Miniature pigs, also known as micro pigs, pocket pigs, or teacup pigs, have seen an increase in popularity in being kept as pets, especially following Paris Hilton's purchase of one in 2009. They are intelligent animals and can be house-trained. They do not shed and tend to keep themselves clean.
Micro pigs can potentially make great pets, but there are considerably more risks involved when buying a micro pig over other common pets, such as cats or dogs. The biggest concern is that, since there is no established breed of "teacup pig", there is no guarantee that the pig sold as such will actually stay small. The risk of ending up with a large pig can be somewhat minimized by looking at the pig's parents and grandparents if possible. If they are on the smaller side, the odds are better that the pig will remain small. However, since pigs can breed years before they fully mature, unscrupulous or ignorant breeders may show off parent pigs which are not fully grown themselves, so have not reached their full adult size. Some breeders may falsely claim that a mini-pig is guaranteed to stay under a certain weight, and sometimes will recommend a diet regimen that starves the animal and unnaturally stunts its growth.
In 2012 the Juliana Pig Association & Registry (JPAR) was officially founded. This registry is concerned with the lineage and breeding of a subset group of miniature pigs called Juliana pigs. JPAR records lineage, size, and age on every pig entered and has an online database that is open to the public. JPAR has a breed standard, Code of Ethics for responsible breeding, and consequences to falsification of information for farms that make false claims about their pigs. As JPAR grows so does the consistency of this particular breed of miniature pig.
Some towns and cities have ordinances disallowing farm animals within city limits; a pig is usually considered a farm animal regardless of its size. As well, many small animal vets will not treat pigs. Since these animals have a life span of 15 to 20 years, they require long term commitment. Due to their ability to bond, combined with their need for attention, people who have limited time for a pet may find a pig far more than they can handle. Additionally, if pet pigs are not properly trained when they are young, just like a dog they can become very aggressive.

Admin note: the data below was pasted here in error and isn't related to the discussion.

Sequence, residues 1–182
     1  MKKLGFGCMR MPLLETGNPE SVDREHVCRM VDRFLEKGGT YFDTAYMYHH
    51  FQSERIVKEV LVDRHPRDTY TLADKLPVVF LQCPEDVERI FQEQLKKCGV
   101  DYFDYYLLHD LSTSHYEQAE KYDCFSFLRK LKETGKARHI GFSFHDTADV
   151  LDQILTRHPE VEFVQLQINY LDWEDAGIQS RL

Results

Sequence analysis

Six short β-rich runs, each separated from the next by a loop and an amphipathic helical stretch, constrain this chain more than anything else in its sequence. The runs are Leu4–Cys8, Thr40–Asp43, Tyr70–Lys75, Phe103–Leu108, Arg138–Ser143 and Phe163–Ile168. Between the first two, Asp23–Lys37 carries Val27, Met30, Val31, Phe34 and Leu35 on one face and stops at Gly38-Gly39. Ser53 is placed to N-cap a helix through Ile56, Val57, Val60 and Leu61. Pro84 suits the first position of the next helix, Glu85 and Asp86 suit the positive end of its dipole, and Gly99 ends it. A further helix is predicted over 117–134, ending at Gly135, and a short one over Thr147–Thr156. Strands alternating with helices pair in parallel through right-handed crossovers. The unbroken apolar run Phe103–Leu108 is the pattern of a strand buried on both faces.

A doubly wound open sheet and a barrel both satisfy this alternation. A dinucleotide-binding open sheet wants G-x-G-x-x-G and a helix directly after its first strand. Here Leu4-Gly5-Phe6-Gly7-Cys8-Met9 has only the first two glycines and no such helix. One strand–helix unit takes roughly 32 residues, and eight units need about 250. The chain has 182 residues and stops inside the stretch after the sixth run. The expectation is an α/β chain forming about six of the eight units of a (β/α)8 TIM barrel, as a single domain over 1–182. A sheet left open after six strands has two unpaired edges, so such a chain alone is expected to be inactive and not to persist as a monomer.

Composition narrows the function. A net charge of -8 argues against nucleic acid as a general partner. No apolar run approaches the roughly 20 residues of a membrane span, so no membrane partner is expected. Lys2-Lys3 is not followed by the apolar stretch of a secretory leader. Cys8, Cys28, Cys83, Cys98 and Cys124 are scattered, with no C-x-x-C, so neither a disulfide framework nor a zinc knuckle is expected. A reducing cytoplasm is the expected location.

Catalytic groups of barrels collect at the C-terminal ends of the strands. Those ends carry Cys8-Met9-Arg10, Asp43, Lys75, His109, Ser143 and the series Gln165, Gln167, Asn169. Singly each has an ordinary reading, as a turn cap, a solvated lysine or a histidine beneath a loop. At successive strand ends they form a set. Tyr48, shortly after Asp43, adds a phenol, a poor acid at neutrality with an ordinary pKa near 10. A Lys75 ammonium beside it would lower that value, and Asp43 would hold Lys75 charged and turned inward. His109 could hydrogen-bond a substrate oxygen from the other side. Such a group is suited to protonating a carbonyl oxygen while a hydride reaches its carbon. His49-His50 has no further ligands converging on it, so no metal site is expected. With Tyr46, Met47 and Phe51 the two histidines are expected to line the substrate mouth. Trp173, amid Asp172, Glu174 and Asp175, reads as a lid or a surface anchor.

There are multiple animal rescue organizations set up to find new homes for pet pigs which have grown too large or otherwise unmanageable for their owners. In 2009, pig sanctuaries took in approximately 300,000 pigs which were surrendered by their owners, and abandoned pigs that cannot be rehomed are often euthanized.
Other notable references
- John Pukite (1999). A field guide to pigs. ISBN 1-56044-877-6.
- Sachs, DH; Galli, C (2009). "Genetic Manipulation in Pigs". Current Opinion in Organ Transplantation 14 (2): 148–153. doi:10.1097/mot.0b013e3283292549. PMC 2687522.
-  - Miniature Potbellied Pig Registry Service, Inc.
- Facts about Teacup Mini Potbelly Pigs
- The Truth about "Tea Cup" Pigs
- "History". Miniature Potbellied Pig Registry Service, Inc. Retrieved 4 Feb 2013.
- About Miniature Potbellied Pigs - Miniature Potbellied Pig Registry Service, Inc.
- Adorable ‘teacup pigs’ are latest hit with Brits By Mike Celizic TODAY contributor, 10/7/2009 9:19:24 AM ET
- The Trouble with Teacup Pigs Andrew David Thaler, on October 14th, 2012
- Mini Pig Care guide
- You must have been told a porky: 'Micro' pig grows to 25 stone and takes over its owners' home By Daily Mail Reporter PUBLISHED: 12:51 EST, 27 July 2012 | UPDATED: 15:00 EST, 27 July 2012
- Minimizing risk when buying a micro pig About Micro Pigs and their size - UK
- Teacup Pigs All the Rage, But Animal Welfare Group Urges People to do Homework Before Taking One Home October 28, 2009
- "Instead of providing breed-appropriate feed and portions, her breeder recommended tiny, toy breed puppy-sized food and water bowls." 
- Juliana Pig Association and Registry
- Meet Rosie a Yucatan miniature pig May 10, 2009 NECN.com
- Mini pigs are big success on farm 15 October 2007 BBC News